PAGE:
One of my favorite forms of writing has long been the humble essay, which allows me the freedom to explore in written form an idea that has been bouncing around my head. At times I use the essay as the basis for a longer academic article, while at other times this method of writing simply clears out some of the cranial cacophony.
Pundits over the past decade have increasingly bemoaned the death of the essay as a literary genre, and these funereal pronouncements on the demise of the essay have not been without evidence. Certainly essayists find fewer outlets for publication in an era in which an news-addicted public craves short political and entertainment articles and op-ed pieces, and the carnage of print media that will follow in the wake of the digital revolution will reduce further the number of periodicals willing to publish essayists.
Yet I perceive opportunity in the digital crisis, and I think that the rise of blogging offers hope for those concerned about the future of essays as a genre. The well-written blog post, like the essay, tends toward a narrow topical focus, and the relative brevity of essays is in keeping with the shorter word count typically found in blog posts.
More important than the structural similarities between essays and blog posts is the ease with which essayists can adapt to a blog format from traditional print media. The lag time between conception and publication is all but eliminated, and time formerly spent licking stamps and hounding editors can be better used in the development of new material.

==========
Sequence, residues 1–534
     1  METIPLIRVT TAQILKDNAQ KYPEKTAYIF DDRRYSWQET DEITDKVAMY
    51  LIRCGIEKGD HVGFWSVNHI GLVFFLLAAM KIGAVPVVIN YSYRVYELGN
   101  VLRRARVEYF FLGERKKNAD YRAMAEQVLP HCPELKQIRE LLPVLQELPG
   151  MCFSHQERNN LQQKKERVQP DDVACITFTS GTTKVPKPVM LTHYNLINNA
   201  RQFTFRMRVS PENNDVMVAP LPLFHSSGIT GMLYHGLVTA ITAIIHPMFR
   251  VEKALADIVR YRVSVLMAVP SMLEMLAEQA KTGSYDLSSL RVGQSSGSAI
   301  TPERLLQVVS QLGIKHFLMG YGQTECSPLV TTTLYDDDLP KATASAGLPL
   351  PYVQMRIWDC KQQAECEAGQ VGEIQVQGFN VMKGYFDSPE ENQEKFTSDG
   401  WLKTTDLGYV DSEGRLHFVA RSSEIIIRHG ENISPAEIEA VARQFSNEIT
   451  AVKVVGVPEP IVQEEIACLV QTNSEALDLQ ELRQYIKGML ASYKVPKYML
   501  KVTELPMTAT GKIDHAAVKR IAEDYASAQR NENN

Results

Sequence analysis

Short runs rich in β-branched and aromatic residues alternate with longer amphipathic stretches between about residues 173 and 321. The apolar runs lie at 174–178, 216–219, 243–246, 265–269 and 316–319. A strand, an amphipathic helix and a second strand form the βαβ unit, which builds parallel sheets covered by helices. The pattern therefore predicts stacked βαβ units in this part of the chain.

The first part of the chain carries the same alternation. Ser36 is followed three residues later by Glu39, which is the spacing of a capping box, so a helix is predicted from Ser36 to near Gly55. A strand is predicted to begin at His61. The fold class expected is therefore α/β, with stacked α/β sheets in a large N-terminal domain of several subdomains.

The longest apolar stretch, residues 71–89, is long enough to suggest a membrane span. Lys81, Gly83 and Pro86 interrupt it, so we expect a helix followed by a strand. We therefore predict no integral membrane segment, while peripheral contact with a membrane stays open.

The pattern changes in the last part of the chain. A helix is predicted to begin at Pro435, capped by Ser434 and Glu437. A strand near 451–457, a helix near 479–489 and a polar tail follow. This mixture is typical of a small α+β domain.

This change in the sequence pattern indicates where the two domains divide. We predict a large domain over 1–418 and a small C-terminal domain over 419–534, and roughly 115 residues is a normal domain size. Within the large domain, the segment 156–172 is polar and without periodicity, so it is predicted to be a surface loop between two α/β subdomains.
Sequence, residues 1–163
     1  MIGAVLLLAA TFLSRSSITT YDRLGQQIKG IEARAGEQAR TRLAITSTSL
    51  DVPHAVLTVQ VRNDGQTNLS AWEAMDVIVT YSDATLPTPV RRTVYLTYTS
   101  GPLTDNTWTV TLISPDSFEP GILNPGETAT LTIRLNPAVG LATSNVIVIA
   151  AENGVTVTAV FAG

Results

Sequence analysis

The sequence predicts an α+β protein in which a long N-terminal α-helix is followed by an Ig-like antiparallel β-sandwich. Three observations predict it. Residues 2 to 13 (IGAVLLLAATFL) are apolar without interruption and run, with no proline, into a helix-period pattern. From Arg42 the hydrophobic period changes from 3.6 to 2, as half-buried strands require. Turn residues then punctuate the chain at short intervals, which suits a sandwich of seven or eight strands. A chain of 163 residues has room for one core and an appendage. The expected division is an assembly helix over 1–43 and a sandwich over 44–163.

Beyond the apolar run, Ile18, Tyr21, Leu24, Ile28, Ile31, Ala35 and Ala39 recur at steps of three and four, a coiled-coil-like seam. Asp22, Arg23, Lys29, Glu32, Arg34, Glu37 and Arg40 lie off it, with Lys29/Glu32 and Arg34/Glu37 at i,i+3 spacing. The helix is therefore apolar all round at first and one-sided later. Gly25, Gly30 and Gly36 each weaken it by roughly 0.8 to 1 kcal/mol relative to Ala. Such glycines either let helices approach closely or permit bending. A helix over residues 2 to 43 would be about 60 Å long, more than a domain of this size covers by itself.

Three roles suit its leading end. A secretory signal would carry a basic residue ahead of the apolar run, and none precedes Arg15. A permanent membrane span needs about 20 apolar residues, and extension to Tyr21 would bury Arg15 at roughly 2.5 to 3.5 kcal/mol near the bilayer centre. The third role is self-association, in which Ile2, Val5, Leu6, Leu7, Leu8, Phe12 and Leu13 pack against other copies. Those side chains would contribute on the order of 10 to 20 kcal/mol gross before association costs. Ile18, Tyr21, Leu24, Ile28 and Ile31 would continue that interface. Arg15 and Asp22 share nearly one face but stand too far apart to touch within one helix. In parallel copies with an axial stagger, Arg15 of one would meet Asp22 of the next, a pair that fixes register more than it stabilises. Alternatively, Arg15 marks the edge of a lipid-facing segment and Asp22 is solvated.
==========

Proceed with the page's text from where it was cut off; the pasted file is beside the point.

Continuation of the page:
Certainly essayist may find themselves constrained in their art by the necessity of developing some familiarity with programming languages like HTML, or by the need for bloggers to be cognizant of the role of graphic arts in a high-quality blog, but a writer simultaneously can reach a sizeable, global audience within months of designing a blog. In my own experience, my work has been viewed by nearly a half-million site visitors in two years, and I have achieved a greater level of distinction through my blog than had I simply followed the traditional print routes of publication.
And - in all honesty - I have not spent much time in the act of shameless self-promotion with this site as I might have; a writer with more time and a larger ego could turn a similar site into a Web powerhouse with daily effort at site promotion. Blogging, thus, offers essayists significant opportunities to hone their craft and, more importantly, bring about a rebirth of the essay.